The best way to get a decent apartment or rental house will be to prepare for it: print your credit report, have references ready, have pay stubs ready so that you can go in and present those things as soon as a listing hits Craigslist. Preparation and timing is everything.

Trolling Craigslist really is the way to go for both a place and a job, unless you have a headhunter or respond to a job listing on a company's own career site. San Francisco runs on Craigslist, even more so than other cities. The job market seems to have recovered considerably here in most sectors, and it's likely you'll be able to replace your job. I personally had a great job within 4 months.

Moving a one bedroom apartment's worth of furniture and possessions from Philly to San Francisco cost me a little under $5000 using a large, reputable moving firm. Expensive! I moved out quite large items that were in storage, though, items which we still use today -- a queen-sized bed and mattress set, nice living and dining room sets -- which may have been far more larger or more desirable to move than what you're moving. There's an IKEA just across the Bay that delivers if you need cheap furni.

Good luck!
posted by eschatfische at 9:40 AM on October 9, 2010


-Can we live on $70,000 for a while if it takes me 3 months to find a job?

Good lord, I hope so!

Listen, San Francisco's expensive, but it's not that expensive. I moved here ten years ago with about $1,000 in the bank...well, less, probably. I had a job (found through a friend) and a place to live (found through a friend); the rent for room in the house I had was more than the one-bedroom I had been renting in Takoma Park, MD, but I still managed to survive just fine. Lots of people live in this city on not very much money.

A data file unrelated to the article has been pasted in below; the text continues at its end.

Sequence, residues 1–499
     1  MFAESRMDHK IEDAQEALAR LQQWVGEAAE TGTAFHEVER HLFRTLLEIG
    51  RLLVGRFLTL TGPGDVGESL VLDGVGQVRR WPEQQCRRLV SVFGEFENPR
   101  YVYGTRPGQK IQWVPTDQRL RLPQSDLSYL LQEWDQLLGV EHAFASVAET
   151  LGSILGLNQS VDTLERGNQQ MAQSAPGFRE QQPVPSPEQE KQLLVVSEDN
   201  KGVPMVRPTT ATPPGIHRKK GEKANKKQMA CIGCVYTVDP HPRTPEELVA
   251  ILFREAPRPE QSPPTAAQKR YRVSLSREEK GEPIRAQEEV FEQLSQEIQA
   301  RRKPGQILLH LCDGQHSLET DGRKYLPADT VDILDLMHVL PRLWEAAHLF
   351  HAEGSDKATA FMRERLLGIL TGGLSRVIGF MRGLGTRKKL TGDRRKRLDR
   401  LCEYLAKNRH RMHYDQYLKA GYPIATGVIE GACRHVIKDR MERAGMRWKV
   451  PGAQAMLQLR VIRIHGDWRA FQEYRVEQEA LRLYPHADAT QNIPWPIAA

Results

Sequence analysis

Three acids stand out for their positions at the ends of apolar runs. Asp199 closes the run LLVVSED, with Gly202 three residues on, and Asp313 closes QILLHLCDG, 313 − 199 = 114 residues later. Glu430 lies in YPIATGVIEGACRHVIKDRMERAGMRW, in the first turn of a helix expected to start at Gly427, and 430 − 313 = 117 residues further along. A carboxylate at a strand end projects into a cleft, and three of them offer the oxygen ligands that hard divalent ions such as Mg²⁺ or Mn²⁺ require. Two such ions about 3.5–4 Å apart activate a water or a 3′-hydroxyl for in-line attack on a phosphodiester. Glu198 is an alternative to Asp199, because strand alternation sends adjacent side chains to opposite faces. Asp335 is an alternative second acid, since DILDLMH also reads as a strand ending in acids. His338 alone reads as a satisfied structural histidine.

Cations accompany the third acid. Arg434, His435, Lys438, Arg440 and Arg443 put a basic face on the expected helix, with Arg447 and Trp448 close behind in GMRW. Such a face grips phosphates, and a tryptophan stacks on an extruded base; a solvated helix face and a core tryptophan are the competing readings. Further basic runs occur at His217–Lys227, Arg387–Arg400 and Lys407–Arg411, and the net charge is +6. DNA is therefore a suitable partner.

I shipped most of my stuff UPS. Had a few things moved by movers. I think, all told, it cost around $2K.

And yes, craigslist is where it's at in the Bay Area. The East Bay is generally less expensive than the city itself, although it can vary depending on what you want in a neighborhood. "Downtown" San Francisco - to me - means the Financial District, and there's not much residential stuff there. Nearby SoMa and South Beach might appeal, although much of it seems to me to be overpriced condos.

Start talking to colleagues and former colleagues now about jobs out here. It's like anywhere else - good leads will come from who you know more than what you know.

Are you going to have a car? Unless you're going to live in the further reaches of the EBay, or you job is down on the Peninsula and you live in SF, I'd say don't - street parking is difficult and private parking is insanely expensive.
posted by rtha at 10:58 AM on October 9, 2010


-How do people find work in San Francisco - craigslist? other sites?

Depends on what exactly you do, in what industry, and at what level. In my experience, personal contacts and networking have been much more productive than craigslist. This may be a really good thing to do between now and Jan: build up your SF network.


-What is the cost of living comparision assuming we live "downtown" in both places, and how do salaries compare?